The audio seeks to weave a tapestry of text, instrumental music, foley and raw and manipulated on-location field recordings – playing with ideas of the natural, the processed, layering, association and dissociation.
We hope that we have in some way managed to capture the shocking, overwhelming and powerful content of George’s book and the hope that he offers for the future.
Note by Hollie Harding and Joshua Ben-Tovim
Hollie is a composer, researcher and curator of contemporary music events in the UK and overseas. She is interested in looking at different ways of constructing musical performance scenarios and exploring the impact this has on compositional processes and the listening experience. Her 2019 piece Melting, Shifting, Liquid World was the first composition to incorporate the use of open-ear, bone-conduction headsets alongside live acoustic and amplified instruments to create a multi-layered sonic environment for the audience to move around and within.
Harding has worked with Alwynne Pritchard, Sjøforsvarets Musikkorps (Norwegian Navy Band), Philharmonia Orchestra, London Philharmonic Orchestra, CHROMA ensemble, Castallian String Quartet, Ensemble Via Nova (Weimar), DeciBells (Basel) and players from Bournemouth Symphony Orchestra. Her work has been broadcast on Radio 3, Resonance FM and BBC4. She has a passion for working with amateur musicians and was 2017 Composer in Residence with CoMA, subsequently led workshops on their Summer School in Orkney, and had pieces performed at their 2018 and 2020 Festivals of Contemporary Music for All. Recent projects include a Royal Philharmonic Society Composition Prize commission to write a work for nine players from the Philharmonia Orchestra, which is soon to released by NMC in Spring 2022, and a new solo harp piece for the Royal Academy of Music's 200th Anniversary Series. Nic Pendlebury and Trinity Laban String Ensemble are also planning a tour of her performance installation Melting, Shifting, Liquid World in spring 2022.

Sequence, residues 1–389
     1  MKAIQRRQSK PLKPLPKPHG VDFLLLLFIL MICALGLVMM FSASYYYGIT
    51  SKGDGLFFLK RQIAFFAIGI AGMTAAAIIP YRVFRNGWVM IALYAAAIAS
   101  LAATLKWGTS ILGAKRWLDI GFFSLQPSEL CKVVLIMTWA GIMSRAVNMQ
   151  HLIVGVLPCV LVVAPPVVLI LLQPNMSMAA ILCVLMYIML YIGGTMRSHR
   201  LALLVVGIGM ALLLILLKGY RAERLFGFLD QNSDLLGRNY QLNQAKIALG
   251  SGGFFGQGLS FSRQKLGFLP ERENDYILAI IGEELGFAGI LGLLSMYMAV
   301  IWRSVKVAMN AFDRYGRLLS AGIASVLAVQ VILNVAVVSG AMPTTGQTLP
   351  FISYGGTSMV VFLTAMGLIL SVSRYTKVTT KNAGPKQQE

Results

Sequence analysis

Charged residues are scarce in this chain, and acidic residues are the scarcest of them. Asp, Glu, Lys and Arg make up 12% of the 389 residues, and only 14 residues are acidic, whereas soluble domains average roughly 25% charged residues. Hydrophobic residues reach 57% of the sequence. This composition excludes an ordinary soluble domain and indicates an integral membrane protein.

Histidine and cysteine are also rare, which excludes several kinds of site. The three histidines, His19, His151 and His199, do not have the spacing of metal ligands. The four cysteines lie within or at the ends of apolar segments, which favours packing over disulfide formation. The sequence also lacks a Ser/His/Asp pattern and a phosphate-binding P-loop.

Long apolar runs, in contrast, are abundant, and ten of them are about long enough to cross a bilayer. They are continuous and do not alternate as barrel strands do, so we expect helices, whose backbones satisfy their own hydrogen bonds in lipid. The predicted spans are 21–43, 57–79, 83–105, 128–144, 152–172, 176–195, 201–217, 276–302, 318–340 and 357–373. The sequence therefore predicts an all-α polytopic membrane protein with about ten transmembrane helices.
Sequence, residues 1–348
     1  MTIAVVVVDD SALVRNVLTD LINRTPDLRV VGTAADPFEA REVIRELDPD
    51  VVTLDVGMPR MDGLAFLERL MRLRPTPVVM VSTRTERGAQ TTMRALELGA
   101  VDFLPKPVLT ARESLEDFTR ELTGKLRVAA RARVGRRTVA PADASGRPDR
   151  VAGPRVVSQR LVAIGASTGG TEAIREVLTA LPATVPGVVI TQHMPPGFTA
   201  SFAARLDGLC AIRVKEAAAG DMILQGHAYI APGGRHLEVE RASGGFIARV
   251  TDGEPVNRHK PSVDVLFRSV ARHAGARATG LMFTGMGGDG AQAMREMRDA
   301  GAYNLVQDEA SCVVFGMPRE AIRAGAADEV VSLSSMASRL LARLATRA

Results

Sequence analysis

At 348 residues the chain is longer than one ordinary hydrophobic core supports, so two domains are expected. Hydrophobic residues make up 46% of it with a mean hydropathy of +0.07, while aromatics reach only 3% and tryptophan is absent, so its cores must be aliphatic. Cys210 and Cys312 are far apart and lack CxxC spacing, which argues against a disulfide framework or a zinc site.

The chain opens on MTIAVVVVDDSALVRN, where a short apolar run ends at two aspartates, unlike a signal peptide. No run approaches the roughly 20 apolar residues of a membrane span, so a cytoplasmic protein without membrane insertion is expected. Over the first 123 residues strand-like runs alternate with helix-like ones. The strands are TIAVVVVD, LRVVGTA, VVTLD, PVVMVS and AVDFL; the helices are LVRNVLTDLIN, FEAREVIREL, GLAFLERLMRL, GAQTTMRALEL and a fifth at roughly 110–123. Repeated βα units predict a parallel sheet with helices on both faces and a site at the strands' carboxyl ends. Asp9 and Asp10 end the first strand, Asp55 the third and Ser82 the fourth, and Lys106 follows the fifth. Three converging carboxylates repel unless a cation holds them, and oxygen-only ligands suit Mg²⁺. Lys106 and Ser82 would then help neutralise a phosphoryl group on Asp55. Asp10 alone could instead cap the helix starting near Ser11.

Joshua Ben-Tovim is a Bristol based dancer, choreographer, director and producer. Josh set up Impermanence, a Dance Theatre company with Roseanna Anderson in 2011. Impermanence makes work for cabaret, stage and film, touring nationally and internationally to critical acclaim and working with many artists, partners and funders to develop a unique work and aesthetic. Recent work for the stage includes Baal (Bristol Old Vic, The Place, Jakarta Theatre Platform), Sexbox (British Council Edinburgh Showcase), Da Da Darling (Guardian top 10 Dance Production) and The Major Arcana (an eco drag cabaret tarot reading ritual). Recent work for film includes The Ballet of the Nations (Best art film – New Renaissance Film Festival, Amsterdam) and Blast (Commissioned by BBC Arts).
Impermanence also curate and present a regular programme of dance at the Bristol Old Vic, and in 2021, they took up residence at The Mount Without, a newly renovated Norman Church that will become a much-needed dance centre and theatre in the centre of Bristol.
Josh has worked repeatedly with visual artist Jasmina Cibic, most recently choreographing the dance for her new film The Gift, which premiered at Steirischer Herbst '19, Graz, as well as performing in two of her previous films.
He has performed with Lea Anderson, Isla Badenoch, TC Howard, Sue Smith, Landance, Sian Hopkins and The Invisible Circus amongst others, was an apprentice at Phoenix Dance Theatre, trained at the Rambert School, and has taught and choreographed at various universities.